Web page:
Thank you for getting in touch with me about the Nationalities and Borders Bill which was debated in Westminster recently.
This Bill isn’t about improving legislation. This Bill is about hate. It’s little more than political gesturing of the worst kind. It panders to far-right politics, stirs up resentment, fear and division. We live in an increasingly hostile world. Conflict, climate change and COVID 19 are among many injustices and inequalities which have made life more precarious. As we speak, many innocent families and children are fleeing for their lives, driven from their homes, livelihoods, communities – joining the 30 million refugees worldwide. With little more than the clothes on their back and hopes and dreams, fearful of the future, but with a yearning to protect themselves and their loved ones.
But to those who make that perilous journey, this Government says, “we do not care”. This Conservative Government is attempting to build a wall around our shores. This Government’s deliberately and unnecessarily hostile attitude doesn’t tackle the drivers of displacement which will continue to force the vulnerable to flee, which will aggravate the very threats which make our own lives here at home less secure, and make the United Kingdom even more isolated not just from our partners, but the values which made us a welcoming nation so many people look to with hope.
We mustn’t forget collective responsibility – the United Kingdom was a co-signatory and first to ratify, with the support of the whole House, the 1951 Refugee Convention for a reason. But rather than be an open and inclusive country, the Government’s Bill seeks to remove us from shared challenges and wash our hands of the crises and injustices fuelled by many decisions made at home and which weaken a community’s resilience.
This Bill also seeks to criminalise refugees, but refugees are not criminals and seeking a safe haven is not a crime. Putting the United Kingdom at odds with decades of agreed consensus on the need to offer safety to the persecuted and stateless whether neighbour or stranger and it would break international law. This Bill goes against the underlying principle of the 1951 Convention of non-return of a refugee to a state where there may be a clear risk of persecution.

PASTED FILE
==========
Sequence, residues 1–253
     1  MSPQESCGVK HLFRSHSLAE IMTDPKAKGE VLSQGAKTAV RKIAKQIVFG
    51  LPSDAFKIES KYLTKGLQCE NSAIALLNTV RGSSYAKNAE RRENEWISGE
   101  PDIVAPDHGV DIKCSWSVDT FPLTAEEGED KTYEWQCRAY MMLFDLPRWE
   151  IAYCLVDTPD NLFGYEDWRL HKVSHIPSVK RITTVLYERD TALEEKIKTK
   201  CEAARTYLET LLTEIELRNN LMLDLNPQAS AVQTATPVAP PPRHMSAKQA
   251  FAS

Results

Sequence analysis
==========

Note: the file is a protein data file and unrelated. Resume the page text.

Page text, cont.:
In stark terms, had this Bill come some 70 years earlier, what would it have meant for the Kindertransport that provided safe haven for Jewish children fleeing the horrors of Nazi Germany? It would have turned their back on them, just like this Bill would do now to children fleeing brutality in Tigray or Yemen.
The majority of powers the Home Secretary seeks to gain from the Bill are granted to her in existing law. This Bill is politicking at its best and cruel at worst, playing life or death with the most vulnerable families and children. The Government seek to wage the culture war, stir up hate, and detract from the miserable failings this Government have made of Brexit, of the rampant corruption we’re witnessing at the top of Whitehall, and their inexcusable failure to protect many thousands of lives during the pandemic.
I opposed this extension of the Government’s hate-filled culture war. I will not allow our country to turn our backs on shared challenges which threaten our collective health, security and prosperity or shut the door on the most vulnerable. I welcome the stranger and champion the values of a progressive and confident nation which looks out and which recognises the value added to society when we embrace the world and protect the most vulnerable.